300,000 Russians in the UK, "Londongrad" a prime location

Tue, 2006-12-19 01:59 PM
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It has long been known that London is a magnet for Russian dissidents and billionaires. For that matter, London and the United Kingdom have been the destination of the elite and the wealthy for centuries.

London is 31% foreign born, profiting from successive waves of the ultrarich - American bankers, Arab sheiks, Hong Kong Chinese. In recent times there was a large influx from Arabic states in the 1970's, Japanese in the 1980's. Periodically, Americans have come and gone, with a recent spike as the current strength of the European economy draws them.


Londongrad

However, current estimates show that approximately 300,000 Russians currently call London their home, with a very noticeable surge of approximately 100,000 in the past two years.

For those who have noticed, the nicknames "Londongrad" and "Moscow-on-the-Thames" are both well known. They represent several hundreds of millions of dollars in cash that have been injected into the British economy in that time frame. Between 1998 and 2004, $102 billion in capital is estimated to have left Russia, according to Hermitage Capital.

An entire sub-culture has arisen - several, in fact - with specialty stores and restaurants becoming more noticeable. There are several Russian-language weeklies, and small sub-communities are forming.

London supports four Russian-language newspapers and a glossy Russian-language magazine that advertises top jewelry, kitchens in "walnut, white and platinum," and runs articles comparing the virtues of cars with price tags beginning at $200,000.

While the wealthy and the more flamboyant have gained some attention, they represent a small overall percentage. Given that recent estimates conclude nearly 600,000 East European migrants and immigrants have come to the United Kingdom in the past two years, it is more than significant to note that upwards of 15% are Russian nationals.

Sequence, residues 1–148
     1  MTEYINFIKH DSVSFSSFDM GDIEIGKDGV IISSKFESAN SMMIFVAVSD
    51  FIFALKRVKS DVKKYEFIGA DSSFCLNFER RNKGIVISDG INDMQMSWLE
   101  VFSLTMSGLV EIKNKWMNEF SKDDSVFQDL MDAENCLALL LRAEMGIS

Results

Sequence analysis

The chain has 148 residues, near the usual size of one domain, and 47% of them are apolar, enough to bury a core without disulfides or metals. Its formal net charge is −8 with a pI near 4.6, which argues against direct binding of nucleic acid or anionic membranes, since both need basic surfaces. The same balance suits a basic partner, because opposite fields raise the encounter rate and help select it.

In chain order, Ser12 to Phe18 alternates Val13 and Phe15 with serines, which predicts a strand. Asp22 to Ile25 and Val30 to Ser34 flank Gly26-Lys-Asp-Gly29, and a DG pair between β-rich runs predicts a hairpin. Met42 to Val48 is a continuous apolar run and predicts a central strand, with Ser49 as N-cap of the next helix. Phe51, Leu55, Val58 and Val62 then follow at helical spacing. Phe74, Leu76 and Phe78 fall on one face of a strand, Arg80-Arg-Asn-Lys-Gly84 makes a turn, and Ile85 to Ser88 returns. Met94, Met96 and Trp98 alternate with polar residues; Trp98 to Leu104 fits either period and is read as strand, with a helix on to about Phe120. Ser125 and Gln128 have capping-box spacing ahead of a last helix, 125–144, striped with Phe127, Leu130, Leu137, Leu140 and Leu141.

Mostly they come seeking opportunity and freedom. While some have come to spend their wealth, others have come to make their wealth in much more modest amounts. Highly educated professionals with low prospects for appropriate income to their skills back home are finding jobs.

A vast Russian speaking community from East Europe is finding opportunity to support those living at the upper end of the economy. Lithuanian, Polish and Czech laborers, maids and nannies are finding employment far above their normal pay scales back home.


For those who have a lot ...

Some buy homes in London for their families; the wealthier can even commute to work in Russia each week if they wish, since Moscow is just a three-and-a-half-hour flight away.

"Germany is good for savers; London is for spenders," said Andrei Nekrasov, 48, a Russian filmmaker who lived for many years in London and now lives in Berlin. Russian business executives are drawn, in part, he said, by the "flexibility of anything to do with banks" in London.

"A lot of them are upper middle class in Western terms," he said. "They can afford a $2 million apartment in cash. That's the middle class by Russian standards - and a Russian would come and bring the money in a plastic bag."